House Wren Watching
Our house wrens are gone, and we are bereft, anxiously scanning ours and the neighbors’ back yards for any sign of the family that won our hearts this summer. It’s hard to believe that my husband and I are nostalgic for a time when two very aggressive, territorial little birds barely larger than hummingbirds took over our yard, scolding us with their strident cries even when we walked past the windows inside our house. And yet we are.
Let me explain. I believe we were there when the moment of conception occurred, resulting in the little nest of cheeping baby house wrens. One evening in early July we sat in the back yard as the sun was setting and marveled as the two little birds chased each other incessantly, without rest for what seemed like hours. Suddenly the two birds, conjoined, fell to the ground. They’re dead, we thought.
But that was just the beginning. Soon the birds were busily flying in and out of the wooden bird house hanging under our eave, a wren house, as we later learned, which had been hanging there for at least seven or eight years without anyone using it. We didn’t even know the birds were wrens until we looked them up on the internet. We learned that the house wren's song is bubbly and melodic, that the birds are common to Ohio during mating season from May through July, and that they are notoriously aggressive and territorial, and will even kill to defend their territory. I watched one video in horror, as a house wren with its sharp little beak systematically picked up and threw baby bluebirds out of their nest one by one, presumably to get rid of any competition.
The scientific name for the house wren, Troglodytes Aedon, translates as “crevice or cave dwelling” and “infant killer,” after a Greek queen of Thebes who mistakenly killed her own son, while aiming for the son of a rival, and whose grief was lessened by Zeus, who turned her into a nightingale. So, we learned, we were hosting the cave dwelling infant killer in our back yard.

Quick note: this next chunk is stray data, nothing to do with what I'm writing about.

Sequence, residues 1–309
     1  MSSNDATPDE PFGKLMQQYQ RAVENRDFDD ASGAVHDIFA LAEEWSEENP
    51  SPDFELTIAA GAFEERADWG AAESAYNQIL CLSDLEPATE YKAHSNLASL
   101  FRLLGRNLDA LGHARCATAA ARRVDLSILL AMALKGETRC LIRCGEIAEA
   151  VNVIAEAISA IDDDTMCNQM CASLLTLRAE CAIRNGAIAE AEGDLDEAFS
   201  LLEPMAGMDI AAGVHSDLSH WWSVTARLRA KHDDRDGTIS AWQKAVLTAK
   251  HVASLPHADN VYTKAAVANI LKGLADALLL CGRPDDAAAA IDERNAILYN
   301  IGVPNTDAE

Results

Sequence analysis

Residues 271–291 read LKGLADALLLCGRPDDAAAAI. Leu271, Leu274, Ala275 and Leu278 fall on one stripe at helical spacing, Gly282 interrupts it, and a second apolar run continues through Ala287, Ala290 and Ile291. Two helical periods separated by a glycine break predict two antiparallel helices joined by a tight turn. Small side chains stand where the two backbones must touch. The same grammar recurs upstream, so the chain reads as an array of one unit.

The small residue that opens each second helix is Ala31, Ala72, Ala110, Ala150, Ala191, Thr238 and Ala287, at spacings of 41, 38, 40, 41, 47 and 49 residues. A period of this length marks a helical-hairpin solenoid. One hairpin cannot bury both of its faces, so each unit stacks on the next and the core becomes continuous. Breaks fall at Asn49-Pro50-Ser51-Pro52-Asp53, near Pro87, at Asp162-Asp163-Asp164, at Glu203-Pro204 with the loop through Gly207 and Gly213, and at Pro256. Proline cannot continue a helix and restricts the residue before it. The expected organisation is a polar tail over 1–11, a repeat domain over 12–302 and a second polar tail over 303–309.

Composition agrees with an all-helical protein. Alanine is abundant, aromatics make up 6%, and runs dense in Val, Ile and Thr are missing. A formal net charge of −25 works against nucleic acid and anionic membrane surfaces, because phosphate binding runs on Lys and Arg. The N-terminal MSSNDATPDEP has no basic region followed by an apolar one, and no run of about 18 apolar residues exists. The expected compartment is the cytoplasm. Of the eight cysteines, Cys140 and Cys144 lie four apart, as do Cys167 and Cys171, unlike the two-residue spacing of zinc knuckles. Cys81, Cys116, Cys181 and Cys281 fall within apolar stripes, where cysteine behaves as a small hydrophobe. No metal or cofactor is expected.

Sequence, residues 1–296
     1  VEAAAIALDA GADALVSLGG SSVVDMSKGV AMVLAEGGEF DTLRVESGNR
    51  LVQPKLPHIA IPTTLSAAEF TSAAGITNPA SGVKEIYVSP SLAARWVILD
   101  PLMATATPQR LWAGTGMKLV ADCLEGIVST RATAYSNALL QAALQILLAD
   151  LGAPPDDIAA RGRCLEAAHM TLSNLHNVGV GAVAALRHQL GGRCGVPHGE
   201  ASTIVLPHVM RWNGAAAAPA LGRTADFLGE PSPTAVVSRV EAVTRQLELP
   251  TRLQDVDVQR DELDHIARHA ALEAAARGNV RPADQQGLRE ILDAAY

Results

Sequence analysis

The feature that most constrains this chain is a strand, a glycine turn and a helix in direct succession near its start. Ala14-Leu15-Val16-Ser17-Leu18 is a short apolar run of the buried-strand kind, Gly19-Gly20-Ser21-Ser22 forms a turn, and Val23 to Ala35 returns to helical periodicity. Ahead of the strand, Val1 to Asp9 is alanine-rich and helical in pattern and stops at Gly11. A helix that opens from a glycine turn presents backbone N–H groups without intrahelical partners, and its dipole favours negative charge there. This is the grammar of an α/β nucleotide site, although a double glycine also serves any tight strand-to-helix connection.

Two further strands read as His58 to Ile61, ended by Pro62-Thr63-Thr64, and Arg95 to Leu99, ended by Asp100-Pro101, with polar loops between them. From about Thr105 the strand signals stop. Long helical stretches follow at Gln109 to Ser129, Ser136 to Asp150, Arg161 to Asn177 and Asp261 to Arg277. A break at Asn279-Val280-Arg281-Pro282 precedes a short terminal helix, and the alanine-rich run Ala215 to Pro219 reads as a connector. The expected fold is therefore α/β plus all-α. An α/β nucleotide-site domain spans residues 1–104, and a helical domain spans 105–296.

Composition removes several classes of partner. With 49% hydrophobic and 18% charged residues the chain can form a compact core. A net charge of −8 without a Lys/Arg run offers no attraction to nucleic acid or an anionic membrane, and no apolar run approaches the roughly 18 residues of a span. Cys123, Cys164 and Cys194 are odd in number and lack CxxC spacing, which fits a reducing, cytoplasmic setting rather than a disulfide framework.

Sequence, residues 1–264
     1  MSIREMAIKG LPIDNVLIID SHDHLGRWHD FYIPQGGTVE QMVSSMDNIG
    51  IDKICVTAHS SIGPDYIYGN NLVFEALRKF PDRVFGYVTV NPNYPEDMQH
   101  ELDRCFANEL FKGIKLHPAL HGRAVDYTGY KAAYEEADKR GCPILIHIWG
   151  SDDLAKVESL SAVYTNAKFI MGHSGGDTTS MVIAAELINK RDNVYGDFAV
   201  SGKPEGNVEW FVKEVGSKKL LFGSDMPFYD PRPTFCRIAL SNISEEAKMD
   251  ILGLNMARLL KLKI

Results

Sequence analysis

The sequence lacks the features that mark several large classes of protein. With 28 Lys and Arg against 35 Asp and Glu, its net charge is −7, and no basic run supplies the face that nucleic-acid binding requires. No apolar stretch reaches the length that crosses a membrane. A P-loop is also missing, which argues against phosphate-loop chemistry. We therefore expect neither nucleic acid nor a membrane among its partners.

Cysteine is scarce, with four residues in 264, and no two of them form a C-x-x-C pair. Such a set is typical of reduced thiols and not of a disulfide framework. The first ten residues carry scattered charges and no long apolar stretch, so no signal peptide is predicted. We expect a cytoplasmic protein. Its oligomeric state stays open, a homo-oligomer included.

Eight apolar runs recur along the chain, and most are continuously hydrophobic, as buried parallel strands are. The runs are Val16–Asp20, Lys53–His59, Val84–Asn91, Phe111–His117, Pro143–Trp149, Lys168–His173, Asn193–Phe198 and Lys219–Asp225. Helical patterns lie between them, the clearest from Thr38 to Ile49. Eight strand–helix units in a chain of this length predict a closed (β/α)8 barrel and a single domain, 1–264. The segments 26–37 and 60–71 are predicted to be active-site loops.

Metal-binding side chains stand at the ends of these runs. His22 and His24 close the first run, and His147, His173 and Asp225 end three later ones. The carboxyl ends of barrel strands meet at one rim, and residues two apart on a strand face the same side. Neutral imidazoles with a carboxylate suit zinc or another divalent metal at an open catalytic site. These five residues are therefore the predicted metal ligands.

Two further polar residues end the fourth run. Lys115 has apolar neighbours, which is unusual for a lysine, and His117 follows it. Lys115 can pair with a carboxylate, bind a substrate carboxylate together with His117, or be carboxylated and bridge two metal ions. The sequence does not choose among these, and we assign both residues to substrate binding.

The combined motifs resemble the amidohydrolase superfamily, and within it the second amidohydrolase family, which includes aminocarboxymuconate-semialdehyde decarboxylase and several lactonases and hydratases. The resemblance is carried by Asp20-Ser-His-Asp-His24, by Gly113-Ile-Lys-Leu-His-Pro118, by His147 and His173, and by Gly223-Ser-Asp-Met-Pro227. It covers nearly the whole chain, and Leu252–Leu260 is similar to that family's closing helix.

One thing we can tell you, apart from the scary name, the house wren is, as my husband quipped, the hardest working bird in show business. Those birds are never still from sun up to sun down. The male, we learned, builds multiple “dummy” nests to show the female during courtship, and the two work furiously to build up the chosen nest with a mass of twigs. It even appeared that the male was feeding the female while she sat on the eggs during the incubation period.
The birds were industrious and driven, but it wasn’t until we heard the faint cheeping sounds coming from the nest that the birds earned their reputation for ferocity.
They started warning us to stay away with a surprisingly loud, rapid clicking sound, not unlike the sound of a rattlesnake, which would modulate and become even fiercer if they felt threatened by our movements. Then they started dive-bombing us, at first forcing my husband to run inside because he wasn’t confident that they would refrain from pecking his eyes out. Fortunately, we learned that they would stop short of actual bodily assault. It was amazing to watch such a small bird fly straight at you at full speed, only to veer away at the last moment.
One night we watched as a barred owl showed up high in the trees and the blue jays began to scold. The two little house wrens flew right up join in the fray, scolding the owl and flying at it in fury.
The parents continued to work without rest for days, bringing insects to feed the little ones. About 10 days after we first noticed the cheeping, my husband had a first sighting of a baby bird looking out of the hole of the bird house. I was there too the next time we saw a small head. The baby was dark, unlike its parents, who are a kind of light greyish brown, but with the same distinctive looking sharp yellow beak. It looked out, calm but observant, for about two minutes while we watched.
And then they were gone. No more scolding, no more activity. The nest was silent and empty. The baby birds had fledged while we were away. A couple of days after that we took down the bird house and peered inside, finally able to satisfy our curiosity about what it looked like inside. And there was a tiny, empty round nest inside made of twigs, with a couple of stray feathers stuck to it.
It’s been a few days since the birds left the nest. But we have sighted the parents nearby, still scolding us, so we think they are guarding over their little fledglings for a while until they are safe.